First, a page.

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Mosaic Law Commandments

A careful reading of the New Testament shows us that nine of the Ten Commandments are repeated as obligations for believers. The only exception is the commandment to keep the Sabbath. If the Mosaic law was abolished, why are these commandments repeated in the New Testament? Moreover, some commandments outside the Ten Commandments are even repeated in the New Testament. For example, Paul referred to four of the Ten Commandments as a motivation to love others because they demonstrate this principle, but then summarized one from Leviticus 19:18: « Thou shalt love thy neighbor as thyself. » So in what sense was the law abolished? Although the number 613 is mentioned in the Talmud, its actual significance increased in later medieval rabbinic literature, including many works listed or arranged by the mitzvot. The most famous of these was a list of Maimonides` 613 commandments. Many mitzvot can no longer be observed today, after the destruction of the Second Temple, although they still have religious significance. According to a standard calculation,[3] there are 77 positive commandments and 194 negative commandments that can be obeyed today, including 26 commandments that apply only in the Land of Israel. [4] In addition, there are certain temporal commandments from which women are exempt (e.g., shofar, sukkah, lulav, tzitzit, and tefillin). [5] Some depend on a person`s special status in Judaism (such as Kohanim), while others apply only to men or only women. The tzitzit (« knotted fringes ») of the tallit (« [prayer] headscarf ») are related by interpretation to the 613 commandments: The main commentator of the Torah Rashi bases the number of knots on a gematria: The word tzitzit (Hebrew: ציצת (biblical), ציצית, in its spelling Mishna) has the value 600. Each tassel has eight threads (when doubled) and five sets of knots, 13 in total. The sum of all numbers is 613.

This reflects the concept that putting on a garment with tzitzit reminds the wearer of all the commandments of the Torah. [10] « . The Jewish people did not recognize it (the triple partition) or at least did not insist on it. Rather, they divided the 613 commandments of the law into twelve families of commandments, which were then divided into twelve other families of positive commandments and twelve other families of negative commandments. 10 Rabbinic support for the number of commandments of 613 is not without contradiction. For example, Ben Azzai claimed that there are 300 positive mitzvot. [11] Even if the figure prevailed, difficulties arose in explaining the list. Some rabbis explained that this census was not an authentic tradition or that it was not logically possible to carry out a systematic enumeration.

No early work of Jewish law or biblical commentaries depended on System 613, and no early system of Jewish beliefs made acceptance of this Aggadah (non-juridical Talmudic statement) normative. A number of classical authorities have denied that it was normative: the Talmud states that the Hebrew numerical value (gematria) of the word Torah is 611, and the combination of Moses` 611 commandments with the first two of the Ten Commandments, which were the only ones heard directly by God, gives 613. [7] The Talmud assigns the number 613 to Rabbi Simlai, but other classical sages who support this view are Rabbi Simeon ben Azzai[8] and Rabbi Eleazar ben Yose of the Galileans. [9] He is quoted in Midrash Shemot Rabbah 33:7, Bamidbar Rabbah 13:15-16; 18:21 and Talmud Yevamot 47b. Here are the 613 commandments and the source of their derivation from the Hebrew Bible, as listed by Maimonides: Even when the rabbis tried to compile a list of the 613 commandments, they encountered a number of difficulties: The Jewish tradition that there are 613 commandments (Hebrew: תרי״ג מצוות, Romanized: taryag mitzvot) or mitzvot in the Torah (also known as the Law of Moses), is first recorded in the 3rd century AD. when Rabbi Simlai mentioned it in a sermon recorded in the Talmud Makkot 23b. [1] In modern parlance, the Torah can refer to the first five books of the Tanakh, as the Hebrew Bible is commonly called, to the instructions and commandments found in books 2 to 5 of the Hebrew Bible, and also to the entire Tanakh and even to the entire oral law. Among English-speaking Christians, the term « The Law » can refer to the entire Pentateuch, including Genesis, but it usually refers to the New Testament, where nomos « the Law » sometimes refers to the five books, including Genesis.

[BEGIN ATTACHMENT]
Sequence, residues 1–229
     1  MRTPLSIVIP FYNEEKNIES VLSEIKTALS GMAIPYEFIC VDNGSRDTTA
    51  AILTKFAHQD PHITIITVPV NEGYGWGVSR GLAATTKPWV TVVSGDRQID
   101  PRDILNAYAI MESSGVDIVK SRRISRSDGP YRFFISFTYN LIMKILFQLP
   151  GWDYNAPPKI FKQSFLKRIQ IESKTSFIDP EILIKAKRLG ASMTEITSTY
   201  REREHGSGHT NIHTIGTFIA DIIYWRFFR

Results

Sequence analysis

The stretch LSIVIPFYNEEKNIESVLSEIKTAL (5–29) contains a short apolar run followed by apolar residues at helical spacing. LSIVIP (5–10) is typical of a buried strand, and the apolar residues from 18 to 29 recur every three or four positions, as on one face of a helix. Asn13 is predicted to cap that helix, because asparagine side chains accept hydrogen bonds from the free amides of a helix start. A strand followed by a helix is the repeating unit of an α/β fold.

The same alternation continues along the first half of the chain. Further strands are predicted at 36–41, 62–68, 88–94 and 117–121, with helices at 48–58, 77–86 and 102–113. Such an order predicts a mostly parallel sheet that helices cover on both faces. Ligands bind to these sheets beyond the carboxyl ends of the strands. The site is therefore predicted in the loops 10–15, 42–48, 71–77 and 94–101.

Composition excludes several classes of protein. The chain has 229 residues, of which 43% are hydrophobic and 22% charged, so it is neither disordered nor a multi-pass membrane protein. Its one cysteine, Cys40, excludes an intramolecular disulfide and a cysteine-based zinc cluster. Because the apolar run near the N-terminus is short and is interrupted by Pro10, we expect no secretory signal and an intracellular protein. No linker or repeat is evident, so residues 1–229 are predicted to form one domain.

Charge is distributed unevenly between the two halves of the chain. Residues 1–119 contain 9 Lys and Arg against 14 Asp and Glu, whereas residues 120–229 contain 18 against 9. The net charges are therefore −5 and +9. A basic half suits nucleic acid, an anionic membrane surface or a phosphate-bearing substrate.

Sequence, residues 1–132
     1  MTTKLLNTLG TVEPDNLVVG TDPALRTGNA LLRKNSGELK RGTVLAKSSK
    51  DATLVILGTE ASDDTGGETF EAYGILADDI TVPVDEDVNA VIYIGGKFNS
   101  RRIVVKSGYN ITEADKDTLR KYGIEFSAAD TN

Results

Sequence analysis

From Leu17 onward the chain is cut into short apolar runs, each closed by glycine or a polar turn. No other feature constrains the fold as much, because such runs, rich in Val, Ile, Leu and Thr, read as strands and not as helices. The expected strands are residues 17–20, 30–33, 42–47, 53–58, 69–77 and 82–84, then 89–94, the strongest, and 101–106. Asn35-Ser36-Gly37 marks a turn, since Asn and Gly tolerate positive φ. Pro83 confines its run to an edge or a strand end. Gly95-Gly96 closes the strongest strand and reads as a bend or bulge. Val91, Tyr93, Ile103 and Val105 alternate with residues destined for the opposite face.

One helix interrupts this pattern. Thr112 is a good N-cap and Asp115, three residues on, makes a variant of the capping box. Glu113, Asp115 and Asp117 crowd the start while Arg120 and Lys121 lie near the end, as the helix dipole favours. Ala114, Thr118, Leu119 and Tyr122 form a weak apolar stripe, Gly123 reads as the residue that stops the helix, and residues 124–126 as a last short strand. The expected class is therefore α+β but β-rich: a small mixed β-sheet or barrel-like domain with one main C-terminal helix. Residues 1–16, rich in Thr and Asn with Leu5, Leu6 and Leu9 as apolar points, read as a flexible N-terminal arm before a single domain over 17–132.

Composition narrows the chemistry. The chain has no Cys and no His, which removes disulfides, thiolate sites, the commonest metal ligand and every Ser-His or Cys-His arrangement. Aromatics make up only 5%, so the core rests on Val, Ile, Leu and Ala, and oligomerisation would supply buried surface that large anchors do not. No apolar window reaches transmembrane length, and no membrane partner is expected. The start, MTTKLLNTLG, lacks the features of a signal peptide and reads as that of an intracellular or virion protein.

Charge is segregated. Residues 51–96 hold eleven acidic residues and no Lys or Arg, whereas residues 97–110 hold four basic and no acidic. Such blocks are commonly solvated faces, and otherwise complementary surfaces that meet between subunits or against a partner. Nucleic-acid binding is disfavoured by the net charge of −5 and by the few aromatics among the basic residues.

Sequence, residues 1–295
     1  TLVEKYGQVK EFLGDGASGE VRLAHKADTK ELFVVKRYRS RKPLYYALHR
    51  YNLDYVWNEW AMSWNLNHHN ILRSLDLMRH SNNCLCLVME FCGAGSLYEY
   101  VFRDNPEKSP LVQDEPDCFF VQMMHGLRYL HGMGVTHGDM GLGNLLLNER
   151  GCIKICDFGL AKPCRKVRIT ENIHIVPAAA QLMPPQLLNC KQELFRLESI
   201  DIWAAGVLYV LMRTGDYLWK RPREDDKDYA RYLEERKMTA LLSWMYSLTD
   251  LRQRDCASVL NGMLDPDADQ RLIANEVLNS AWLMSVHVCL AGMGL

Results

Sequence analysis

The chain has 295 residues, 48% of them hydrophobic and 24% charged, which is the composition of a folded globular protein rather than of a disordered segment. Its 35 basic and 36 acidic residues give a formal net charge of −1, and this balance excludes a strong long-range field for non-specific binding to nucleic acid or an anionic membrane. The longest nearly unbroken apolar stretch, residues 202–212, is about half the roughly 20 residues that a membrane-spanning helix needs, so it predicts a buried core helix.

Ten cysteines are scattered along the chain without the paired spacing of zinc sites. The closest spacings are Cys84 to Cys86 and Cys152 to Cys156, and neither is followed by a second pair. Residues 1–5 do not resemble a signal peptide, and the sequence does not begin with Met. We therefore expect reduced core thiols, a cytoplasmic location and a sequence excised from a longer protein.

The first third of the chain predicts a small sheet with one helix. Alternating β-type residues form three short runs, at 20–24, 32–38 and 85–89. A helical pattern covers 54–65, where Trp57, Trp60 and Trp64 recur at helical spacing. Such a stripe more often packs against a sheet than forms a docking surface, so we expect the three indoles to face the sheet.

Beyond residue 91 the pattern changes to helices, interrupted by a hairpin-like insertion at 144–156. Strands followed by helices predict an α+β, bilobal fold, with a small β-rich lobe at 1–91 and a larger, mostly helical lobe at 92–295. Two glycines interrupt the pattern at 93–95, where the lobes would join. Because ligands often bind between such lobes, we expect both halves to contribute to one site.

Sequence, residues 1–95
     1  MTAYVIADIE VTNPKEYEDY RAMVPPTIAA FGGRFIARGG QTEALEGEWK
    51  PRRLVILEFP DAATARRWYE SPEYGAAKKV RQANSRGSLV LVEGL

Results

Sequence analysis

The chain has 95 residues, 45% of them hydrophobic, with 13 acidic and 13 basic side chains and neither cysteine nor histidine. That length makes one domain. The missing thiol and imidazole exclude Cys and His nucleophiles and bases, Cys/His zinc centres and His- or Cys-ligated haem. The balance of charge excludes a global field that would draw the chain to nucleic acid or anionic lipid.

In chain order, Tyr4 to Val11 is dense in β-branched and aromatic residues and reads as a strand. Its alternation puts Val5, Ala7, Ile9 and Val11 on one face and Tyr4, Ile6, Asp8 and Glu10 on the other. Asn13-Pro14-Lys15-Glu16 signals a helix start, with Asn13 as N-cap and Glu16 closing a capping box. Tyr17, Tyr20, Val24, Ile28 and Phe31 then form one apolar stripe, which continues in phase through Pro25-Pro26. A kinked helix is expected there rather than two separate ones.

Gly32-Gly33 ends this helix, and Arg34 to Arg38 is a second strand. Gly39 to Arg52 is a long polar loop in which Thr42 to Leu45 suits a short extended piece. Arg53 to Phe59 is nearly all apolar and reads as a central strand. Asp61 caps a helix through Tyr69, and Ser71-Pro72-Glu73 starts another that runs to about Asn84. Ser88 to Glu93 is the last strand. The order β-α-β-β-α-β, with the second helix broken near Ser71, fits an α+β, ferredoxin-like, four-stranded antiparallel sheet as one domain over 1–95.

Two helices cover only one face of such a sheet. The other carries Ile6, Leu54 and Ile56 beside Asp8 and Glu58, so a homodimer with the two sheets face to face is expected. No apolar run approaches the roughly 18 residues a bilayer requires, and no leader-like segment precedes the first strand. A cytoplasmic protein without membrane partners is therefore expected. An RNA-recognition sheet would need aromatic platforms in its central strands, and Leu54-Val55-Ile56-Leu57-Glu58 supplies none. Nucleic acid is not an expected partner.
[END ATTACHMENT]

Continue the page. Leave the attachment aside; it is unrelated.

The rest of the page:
This use of the Hebrew term « Torah » (Law) for the first five books is considered misleading by John Van Seters, a scholar of the 21st century Christian Bible, because the Pentateuch « comprises about half of the law and the other half of the narrative. » [5] The law of Moses was a « preparatory gospel » that contained the principles of repentance, baptism, forgiveness of sins, and the law of carnal commandments. Since very specific revelations and instructions were given to the patriarchs, there was a law given to these Old Testament believers. Although very few details are given about this, the instructions God has given them still constitute His law, the system of principles and rules designed to direct their lives. This is described in 1. Moses 26:5 illustrates where it says, « Abraham obeyed me and kept my care, my commandments, my laws, and my laws. » 36. What are the 613 commandments contained in the law of Moses? Abinadi said the law was « a very strict law » on « achievements and ordinances » because Israel was a « stiff-necked people » (Mosiah 13:29–30). In the law of Christ, a general principle such as « As thou wilt men should do unto thee » (Matthew 7:12), a general principle such as « Do it unto thye » (Matthew 7:12) covered situations similar to those mentioned in Exodus 21.